Spiral of Anxiety and Fear


I am feeling so incredibly stressed about my upcoming SSDI hearing and everything related to it. It has become an obsessive thought pattern that I can’t get out of. This always happens when something I am super nervous or scared about is looming on the horizon. My mind is a circular track of “what ifs”, incessant thoughts about things I need to do, fears that I will make a mistake and blow my last chance for SSDI benefits, and fear that if I fail and am denied again, it will once again send me into a suicidal spiral of feeling worthless, disbelieved, and like I will forever be a burden to society and those I love.

Tomorrow I have to ask my psychologist to fill out a RFC (Residual Functional Capacity) form for the hearing. I think she will be open to it and want to help, but I am still anxious about asking and scared of rejection. I have to ask my primary care physician to fill out a similar form when I see her next week, and am even more nervous about that because I know she is often rushed and I don’t want to be an inconvenience or annoy anyone by making demands.

As you can see, I struggle greatly with asking anyone to do anything for me. I’m not sure if it is just my lousy self-esteem or what, but I always feel like anything I need is an imposition on someone else. Maybe the result of being raised by a narcissistic parent? Growing up, I often was made to feel like anything I needed (emotionally or physically) was selfish and inconvenient to those around me. To this day, I struggle with feeling like I am actually entitled to anything – even basic human respect.

I think my fear of being disbelieved about my disabilities also stems from the fact that when I first started getting really sick, even my own husband and family didn’t believe me. My husband came around first, when he saw how much I truly was suffering every day and how even the things I loved most were being ripped away from me. He has even apologized for his initial doubts. Some of my family (including in-laws) still make me feel invalidated, but I’ve come to the conclusion I can’t do much about that.

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Hi! I am an artist, author, and blogger who also happens to have Asperger’s Syndrome. I have won several awards and honors for my writings and artwork. I suffer from a few severe mental illness and chronic pain conditions (Depression, Anxiety, PTSD, Fibromyalgia, CFS/ME, Ehlers Danlos, Degenerative Disc Disease, etc.), which greatly affects my life and makes me want to advocate for others going through similar things. Other interests of mine include reading, writing, drawing, watching cartoons and movies, collecting toys, hanging out with my family, and annoying my 3 cats.

29 thoughts on “Spiral of Anxiety and Fear”

      1. I have been reading a lot and trying to watch stuff to distract me. Obsessive thoughts are so hard to turn off though. It feels like they are still churning below the surface even when I am distracted. It is hard to explain 😦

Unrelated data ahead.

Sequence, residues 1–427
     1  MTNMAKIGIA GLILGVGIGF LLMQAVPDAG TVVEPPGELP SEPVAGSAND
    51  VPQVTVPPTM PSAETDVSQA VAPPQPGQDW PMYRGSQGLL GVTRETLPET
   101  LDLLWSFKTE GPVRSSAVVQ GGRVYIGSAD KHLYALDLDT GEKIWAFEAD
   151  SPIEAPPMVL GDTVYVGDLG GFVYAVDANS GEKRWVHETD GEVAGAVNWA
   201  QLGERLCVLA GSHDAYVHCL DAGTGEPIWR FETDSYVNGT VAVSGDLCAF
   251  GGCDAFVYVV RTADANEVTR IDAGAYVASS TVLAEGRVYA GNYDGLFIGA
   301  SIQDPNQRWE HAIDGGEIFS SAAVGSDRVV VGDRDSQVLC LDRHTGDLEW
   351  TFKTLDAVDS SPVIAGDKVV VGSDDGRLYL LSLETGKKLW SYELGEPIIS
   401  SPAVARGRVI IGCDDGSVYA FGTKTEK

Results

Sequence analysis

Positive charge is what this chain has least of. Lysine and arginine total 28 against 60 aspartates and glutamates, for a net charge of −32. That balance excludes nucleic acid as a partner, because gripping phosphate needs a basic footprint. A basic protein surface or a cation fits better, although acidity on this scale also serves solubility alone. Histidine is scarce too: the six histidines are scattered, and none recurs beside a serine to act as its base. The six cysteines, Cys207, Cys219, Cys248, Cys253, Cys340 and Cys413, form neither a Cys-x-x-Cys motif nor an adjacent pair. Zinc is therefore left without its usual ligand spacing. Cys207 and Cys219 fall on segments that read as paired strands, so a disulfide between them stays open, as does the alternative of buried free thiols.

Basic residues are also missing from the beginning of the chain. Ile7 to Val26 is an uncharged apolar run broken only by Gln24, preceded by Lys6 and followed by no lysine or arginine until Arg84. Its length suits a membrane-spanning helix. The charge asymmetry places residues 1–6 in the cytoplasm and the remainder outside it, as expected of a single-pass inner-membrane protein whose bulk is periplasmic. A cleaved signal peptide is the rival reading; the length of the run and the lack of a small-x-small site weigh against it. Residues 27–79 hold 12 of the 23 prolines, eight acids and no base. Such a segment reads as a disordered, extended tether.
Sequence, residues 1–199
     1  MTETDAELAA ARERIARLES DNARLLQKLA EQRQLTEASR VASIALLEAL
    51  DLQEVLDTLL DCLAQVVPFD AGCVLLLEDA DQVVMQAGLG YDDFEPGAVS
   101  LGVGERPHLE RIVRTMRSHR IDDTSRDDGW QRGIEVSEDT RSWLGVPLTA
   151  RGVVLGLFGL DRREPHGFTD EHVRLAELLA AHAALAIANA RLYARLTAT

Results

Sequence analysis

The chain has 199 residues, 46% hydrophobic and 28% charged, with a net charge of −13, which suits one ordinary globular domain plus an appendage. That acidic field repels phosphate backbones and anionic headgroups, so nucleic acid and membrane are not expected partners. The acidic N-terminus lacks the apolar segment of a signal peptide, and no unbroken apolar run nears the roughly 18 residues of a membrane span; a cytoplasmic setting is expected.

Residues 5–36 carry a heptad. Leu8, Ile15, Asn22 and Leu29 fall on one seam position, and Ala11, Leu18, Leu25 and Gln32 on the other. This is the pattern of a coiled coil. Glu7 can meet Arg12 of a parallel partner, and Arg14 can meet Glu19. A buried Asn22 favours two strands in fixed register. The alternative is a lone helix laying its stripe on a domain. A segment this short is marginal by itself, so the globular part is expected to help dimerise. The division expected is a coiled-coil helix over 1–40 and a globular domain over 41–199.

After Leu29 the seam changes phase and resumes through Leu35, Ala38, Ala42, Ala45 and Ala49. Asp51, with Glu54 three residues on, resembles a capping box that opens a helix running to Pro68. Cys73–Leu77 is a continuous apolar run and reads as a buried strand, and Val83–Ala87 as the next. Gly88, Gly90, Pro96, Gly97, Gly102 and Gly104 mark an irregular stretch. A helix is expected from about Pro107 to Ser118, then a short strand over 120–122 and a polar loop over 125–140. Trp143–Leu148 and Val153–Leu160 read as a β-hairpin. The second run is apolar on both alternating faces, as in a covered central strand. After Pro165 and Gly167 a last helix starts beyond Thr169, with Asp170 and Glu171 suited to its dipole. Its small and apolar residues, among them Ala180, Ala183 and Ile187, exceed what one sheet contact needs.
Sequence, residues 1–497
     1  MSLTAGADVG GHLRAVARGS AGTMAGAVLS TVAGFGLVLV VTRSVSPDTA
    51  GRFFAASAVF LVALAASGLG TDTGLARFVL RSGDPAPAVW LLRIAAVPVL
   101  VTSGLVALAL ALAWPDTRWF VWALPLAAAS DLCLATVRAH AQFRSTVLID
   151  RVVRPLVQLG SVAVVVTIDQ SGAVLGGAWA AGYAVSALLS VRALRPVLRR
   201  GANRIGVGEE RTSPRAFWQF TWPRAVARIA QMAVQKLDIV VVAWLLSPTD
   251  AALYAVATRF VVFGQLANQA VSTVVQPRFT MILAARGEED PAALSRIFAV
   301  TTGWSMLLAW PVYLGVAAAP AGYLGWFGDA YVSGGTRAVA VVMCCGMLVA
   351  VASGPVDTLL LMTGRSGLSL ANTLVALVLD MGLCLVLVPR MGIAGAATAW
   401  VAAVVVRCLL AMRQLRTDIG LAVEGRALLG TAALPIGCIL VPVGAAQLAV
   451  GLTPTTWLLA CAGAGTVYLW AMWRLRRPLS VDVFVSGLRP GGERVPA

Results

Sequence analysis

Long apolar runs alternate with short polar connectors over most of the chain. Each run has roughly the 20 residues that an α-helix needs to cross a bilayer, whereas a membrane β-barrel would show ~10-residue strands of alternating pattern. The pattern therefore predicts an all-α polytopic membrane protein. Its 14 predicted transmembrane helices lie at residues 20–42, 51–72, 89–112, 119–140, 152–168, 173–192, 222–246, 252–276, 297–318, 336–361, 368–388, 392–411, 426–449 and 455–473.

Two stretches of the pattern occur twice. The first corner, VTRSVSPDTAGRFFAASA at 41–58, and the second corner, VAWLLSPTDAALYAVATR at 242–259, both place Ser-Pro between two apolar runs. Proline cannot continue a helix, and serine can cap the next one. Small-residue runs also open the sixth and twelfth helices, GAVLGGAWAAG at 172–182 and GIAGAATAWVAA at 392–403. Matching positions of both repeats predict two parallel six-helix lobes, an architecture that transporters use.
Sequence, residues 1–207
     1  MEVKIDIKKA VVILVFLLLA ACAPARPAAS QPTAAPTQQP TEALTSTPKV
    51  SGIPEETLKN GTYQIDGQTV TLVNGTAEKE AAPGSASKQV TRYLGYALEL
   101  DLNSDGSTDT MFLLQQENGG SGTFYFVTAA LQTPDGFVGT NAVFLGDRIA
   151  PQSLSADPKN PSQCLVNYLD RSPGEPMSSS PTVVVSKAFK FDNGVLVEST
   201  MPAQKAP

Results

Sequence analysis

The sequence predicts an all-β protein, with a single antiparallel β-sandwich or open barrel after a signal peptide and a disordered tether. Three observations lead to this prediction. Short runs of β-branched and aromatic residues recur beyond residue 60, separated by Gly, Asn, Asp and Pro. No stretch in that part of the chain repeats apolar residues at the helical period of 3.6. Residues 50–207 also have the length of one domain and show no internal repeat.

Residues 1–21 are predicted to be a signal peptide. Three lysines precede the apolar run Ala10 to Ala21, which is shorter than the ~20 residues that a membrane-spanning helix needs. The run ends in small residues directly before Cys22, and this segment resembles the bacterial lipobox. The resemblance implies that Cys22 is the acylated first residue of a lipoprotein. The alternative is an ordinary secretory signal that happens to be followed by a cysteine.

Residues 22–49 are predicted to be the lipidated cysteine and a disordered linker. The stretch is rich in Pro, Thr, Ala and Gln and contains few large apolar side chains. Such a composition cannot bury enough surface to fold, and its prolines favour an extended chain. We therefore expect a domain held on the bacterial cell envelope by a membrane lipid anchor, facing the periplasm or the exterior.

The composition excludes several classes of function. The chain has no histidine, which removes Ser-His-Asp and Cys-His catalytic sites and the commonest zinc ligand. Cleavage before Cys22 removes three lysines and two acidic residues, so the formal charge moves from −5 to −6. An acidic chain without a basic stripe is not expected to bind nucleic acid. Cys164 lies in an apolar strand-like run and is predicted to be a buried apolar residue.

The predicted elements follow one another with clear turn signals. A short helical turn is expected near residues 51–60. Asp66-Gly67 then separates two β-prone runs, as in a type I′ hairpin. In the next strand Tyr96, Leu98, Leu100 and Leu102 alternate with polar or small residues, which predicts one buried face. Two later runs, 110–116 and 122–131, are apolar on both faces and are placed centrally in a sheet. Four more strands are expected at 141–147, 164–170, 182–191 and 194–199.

Liked by 1 person

  1. I was worried the whole process first with a work compensation claim against the military, a navy car caused a triple rollover, me.

    We are vulnerable when others decide our fate. It is a real concern.

    Worrying does nothing but make it worse

    Keep your mind o choked, pay attention and meditated if you can.

    Strenuous Aerobic exercise can help a lot also

    Good luck

    Liked by 1 person

    1. Unfortunately strenuous aerobic exercise is out of the question due to my physical problems, sometimes I do visualize kick boxing though, even though I can’t do it, it feels good to imagine hitting and kicking things lol.


      1. I meant to say keep your mind occupied

        Letting my mind meander brings suffering

        Have you tried using slow exhales to let the thought go

        Picture these thoughts at the end of your extended arm in front of your body

        They are appendages, not important and not accurate

        Also using our senses can keep us present recognize what your eyes see without judgment

        I also
        Remind myself of all the things I am grateful for

        Many other suffer way more than me

        It helps
        Me be more grateful

        Liked by 1 person

  2. I also feel more paranoid since I got this lungs disease and still going through the healing process. Sometimes those fears and thoughts can ruin your mind badly, so I keep it distracted. I’m starting blogging, sharing what I feel, read books, go somewhere I feel nice with myself. Just know that you still have a courage within yourself, you’re free to make decisions that make you feel okay, it’s all on you. Keep fighting 💪

    Liked by 1 person

  3. Sending positive thoughts, Maranda – this sounds very challenging and trying, and getting paperwork done is already difficult without the added anxieties and doutbs. Just know that you’re entitled to all the help that’s out there, and it’s your basic right to ask for (and get!) what you need. Sorry to repeat any of the above comments. In solidarity!

    Liked by 1 person

  4. Your husband realized your pain and he loves you very much. When my son was diagnosed with depression, my first wife thought he wasn’t really sick and to just suck it up. And she was a nurse. I never doubted his condition or that it was a disease caused by a chemical imbalance. Everyone is different and some will never understand our chronic pain and silent, unseen illnesses. Stay strong young friend.

    Liked by 1 person

    1. The ones that most affect me are probably autism, bipolar type 2, ptsd, generalized and social anxiety disorders, fibromyalgia, CFS/ME, IBS, plantar fasciitis, degenerative disc disease and herniated discs. I am being tested soon for Ehlers Danlos which would at least explain the physical issues.


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